PRAGUE, Czech Republic: German Chancellor Olaf Scholz on Monday pledged emphatic backing for Ukraine and other hopefuls to join the European Union, underlining however that enlarging the bloc to “30 or 36” would require reforms. In a speech laying out his vision for the EU during a visit to the Czech Republic, Scholz said Russia’s invasion of Ukraine requires a “European answer to this watershed”. The bloc needs to reduce its “one-sided dependencies”, be it on the economic, energy or defence fronts, he urged, calling for a “geopolitical, sovereign and enlarged EU”.
The German leader also underlined that he was “committed to” having the six nations of the western Balkans, Moldova, Georgia and Ukraine accede to the bloc. “Their EU accession is in our interest,” said Scholz. But as the bloc widened, each member’s veto right would have to go, he said, with a transition to a “majority voting” system so as not to slow EU decision-making down.
The Ukraine war is already putting the system of unanimity to the test, at a time when swift action is all the more necessary, Scholz said. “Let’s seek compromises together,” he added, suggesting that majority voting could be applied to sanctions policy for a start. Member states are also not faced with only two options of voting ‘yes’ or ‘no’, but can adopt “constructive abstention”, he said.
The EU agreed candidacy status for Ukraine and Moldova in June, while Albania and North Macedonia in July joined Balkan neighbours Serbia and Montenegro in formal negotiations for membership with Brussels. But the road to accession was expected to be long, and in the meantime, Scholz said the European hopefuls should be included in a new political forum, as suggested by French President Emmanuel Macron “to discuss key issues that affect our continent as a whole”.
The grouping would not however take the place of EU accession, said Scholz, stressing that promises to candidates “must be followed by deeds”. The German leader also cracked open the door of Europe’s borderless Schengen group to Croatia, Romania and Bulgaria, saying he will “work to see them become full members”-something welcomed immediately by Romanian President Klaus Iohannis.
Scholz noted that the Ukraine war had also exposed the “uncoordinated shrinkage of European armed forces and defence budgets” over the last years, which had to be rectified with “coordinated growth”. This meant greater cooperation between European businesses on armaments projects, joint manufacturing and procurement, he said.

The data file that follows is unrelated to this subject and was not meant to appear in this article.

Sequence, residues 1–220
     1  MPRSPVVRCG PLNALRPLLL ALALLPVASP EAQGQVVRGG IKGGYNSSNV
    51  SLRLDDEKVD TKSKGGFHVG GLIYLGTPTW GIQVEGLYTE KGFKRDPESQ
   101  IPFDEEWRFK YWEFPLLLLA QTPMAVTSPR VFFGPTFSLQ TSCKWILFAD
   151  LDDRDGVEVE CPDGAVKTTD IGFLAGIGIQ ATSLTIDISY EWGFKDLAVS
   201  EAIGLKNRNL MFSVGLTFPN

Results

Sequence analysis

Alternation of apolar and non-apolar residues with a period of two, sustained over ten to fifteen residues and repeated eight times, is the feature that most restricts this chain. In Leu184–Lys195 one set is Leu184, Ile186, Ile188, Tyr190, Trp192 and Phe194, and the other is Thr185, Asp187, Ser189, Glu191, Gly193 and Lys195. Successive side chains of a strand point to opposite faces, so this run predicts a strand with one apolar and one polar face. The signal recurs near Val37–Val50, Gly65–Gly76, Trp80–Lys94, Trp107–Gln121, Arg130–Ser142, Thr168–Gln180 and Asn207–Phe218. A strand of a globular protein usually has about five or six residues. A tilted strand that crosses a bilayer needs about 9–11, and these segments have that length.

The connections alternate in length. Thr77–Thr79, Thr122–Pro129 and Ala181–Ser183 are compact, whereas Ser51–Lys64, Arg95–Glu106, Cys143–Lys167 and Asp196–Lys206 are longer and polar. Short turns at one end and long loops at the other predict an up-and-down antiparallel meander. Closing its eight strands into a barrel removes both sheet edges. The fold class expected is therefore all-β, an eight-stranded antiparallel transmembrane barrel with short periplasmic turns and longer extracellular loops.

Germany, he said, will be ramping up “very significantly” on its air defence system, and will design it in a way that it could also be a shield for European neighbours from the Baltics to Scandinavia. Scholz did not give details about the system but in March revealed plans to purchase an Israeli anti-missile shield system that could also offer protective cover for neighbouring EU states.
Berlin is meanwhile already coordinating with the Netherlands on a “division of labour” on arming Ukraine, said the German chancellor, as he urged other allies to join in the coordination. “I can, for example, imagine that Germany will assume special responsibility in terms of building up Ukraine’s artillery and air defence capacities,” he said, vowing support for Kyiv for “as long as it takes”.
Beyond defence, Scholz also eyed shedding “one-sided” reliance on energy imports but also that of other vital supplies like lithium or cobalt, for which demand from high-tech industries has boomed. While the EU should not seek to shut others out, it should work towards greater internal coordination, be it on energy supplies or simply vehicle charging points.
It should also hold fast to its founding principles for human rights and rule of law, he said. In reference to ongoing legal rows between the EU and Poland or Hungary over a slew of issues, Scholz said that in these countries, too, most people “want the EU to do more to stand up for freedom and democracy”.
For Scholz, the EU commission could be given a “new way to launch infringement proceedings” on issues that breach core values of freedom, democracy or human rights. “Especially at this time, with autocracy challenging our democracies, it is more important than ever,” he said. – AFP